Date: December 17, 2012
Source: News Room
The Congressional Research Service (CRS) says that legislation under consideration in both houses of Congress which would prevent EPA from declaring coal ash a hazardous waste, would prompt litigation that will result in courts having to determine disposal standards, in lieu of specific federal guidelines. The Dec. 5 CRS report analyzes H.R. 2273 and S. 3512, both of which contain provisions that would delegate authority to regulate coal ash disposal to the states. The CRS report notes that while the permitting program would be modeled in part on current rules for municipal solid waste (MSW) landfills, ambiguities in the bills, given that no new federal regulations would be created and no specific safety standards would be required to be met, "would be subject to state (and ultimately court) interpretation."
Environmentalists favor EPA regulating coal ash as a hazardous waste subject to subtitle C rules rather than less-stringent subtitle D rules favored by industry and some states. EPA proposed the rules in 2010 following the massive spill from a Tennessee Valley Authority ash pond in 2008. Industry fears that a hazardous designation would burden companies with high disposal costs and create a "stigma" that would discourage companies from recycling and reusing the material in cement and for other beneficial reuses.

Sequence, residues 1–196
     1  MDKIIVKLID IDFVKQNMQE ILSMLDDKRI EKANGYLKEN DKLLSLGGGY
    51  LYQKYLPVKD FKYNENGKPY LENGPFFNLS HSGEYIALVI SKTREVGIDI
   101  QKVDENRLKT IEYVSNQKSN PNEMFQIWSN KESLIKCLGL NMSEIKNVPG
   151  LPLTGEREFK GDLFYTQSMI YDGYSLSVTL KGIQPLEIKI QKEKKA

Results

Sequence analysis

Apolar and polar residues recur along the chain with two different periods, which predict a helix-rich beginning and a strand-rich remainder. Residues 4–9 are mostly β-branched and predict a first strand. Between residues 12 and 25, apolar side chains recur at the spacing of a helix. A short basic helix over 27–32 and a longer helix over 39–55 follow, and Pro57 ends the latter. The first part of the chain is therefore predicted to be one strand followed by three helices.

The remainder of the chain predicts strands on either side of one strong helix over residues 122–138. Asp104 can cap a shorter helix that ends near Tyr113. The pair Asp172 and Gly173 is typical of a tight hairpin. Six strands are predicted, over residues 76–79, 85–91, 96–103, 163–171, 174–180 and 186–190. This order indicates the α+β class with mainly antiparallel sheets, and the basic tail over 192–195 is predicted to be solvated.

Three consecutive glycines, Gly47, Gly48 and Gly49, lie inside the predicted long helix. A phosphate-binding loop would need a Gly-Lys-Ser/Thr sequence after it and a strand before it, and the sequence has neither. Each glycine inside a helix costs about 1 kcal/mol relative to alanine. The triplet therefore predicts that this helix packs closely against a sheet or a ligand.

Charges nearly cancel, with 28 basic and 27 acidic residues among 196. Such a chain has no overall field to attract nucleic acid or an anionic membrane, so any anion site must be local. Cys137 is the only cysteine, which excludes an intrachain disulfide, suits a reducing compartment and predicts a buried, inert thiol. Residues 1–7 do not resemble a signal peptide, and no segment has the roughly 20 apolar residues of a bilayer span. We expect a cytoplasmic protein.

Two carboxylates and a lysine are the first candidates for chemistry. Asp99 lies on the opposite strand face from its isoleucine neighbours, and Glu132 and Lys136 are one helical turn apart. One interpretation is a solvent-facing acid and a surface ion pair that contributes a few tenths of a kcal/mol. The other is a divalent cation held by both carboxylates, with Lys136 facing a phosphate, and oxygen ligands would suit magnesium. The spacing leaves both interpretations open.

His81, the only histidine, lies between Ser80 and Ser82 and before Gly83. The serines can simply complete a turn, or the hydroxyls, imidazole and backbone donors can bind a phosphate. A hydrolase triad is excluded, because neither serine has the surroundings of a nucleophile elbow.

Eager to resolve the uncertainty, environmentalists and coal ash recyclers have sued EPA to force a binding court-ordered deadline for issuing the final rule. With the case still pending, some lawmakers are looking to resolve the issue through legislation, offering bills that would largely preempt EPA from regulating coal ash, instead setting requirements for state-led disposal programs.
Rep. David McKinley (R-WV) introduced H.R. 2273, which would create the state-led permitting program for coal ash. The bill cleared the House in October 2011 in a 267-144 vote but failed to gain traction in Senate. Sens. Max Baucus (D-MT) and John Hoeven (R-ND) then introduced a similar bill, S. 3512, which was seen as an attempt to reach bipartisan consensus on the issue by making substantive changes to the requirements in the House bill.
A copy of the CRS report can be found here: earthjustice.org/sites/default/files/CRS_Rpt_R42847.pdf.